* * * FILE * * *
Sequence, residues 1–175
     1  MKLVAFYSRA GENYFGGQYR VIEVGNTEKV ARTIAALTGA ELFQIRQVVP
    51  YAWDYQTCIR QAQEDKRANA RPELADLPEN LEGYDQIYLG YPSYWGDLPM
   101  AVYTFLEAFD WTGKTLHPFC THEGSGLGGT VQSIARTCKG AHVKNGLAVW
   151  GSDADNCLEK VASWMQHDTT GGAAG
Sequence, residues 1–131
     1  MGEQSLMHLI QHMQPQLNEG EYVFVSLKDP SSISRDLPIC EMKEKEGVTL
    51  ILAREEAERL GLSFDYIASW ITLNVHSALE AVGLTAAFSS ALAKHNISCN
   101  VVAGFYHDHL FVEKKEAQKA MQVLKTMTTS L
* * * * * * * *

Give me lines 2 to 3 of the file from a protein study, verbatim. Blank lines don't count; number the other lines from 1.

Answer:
     1  MKLVAFYSRA GENYFGGQYR VIEVGNTEKV ARTIAALTGA ELFQIRQVVP
    51  YAWDYQTCIR QAQEDKRANA RPELADLPEN LEGYDQIYLG YPSYWGDLPM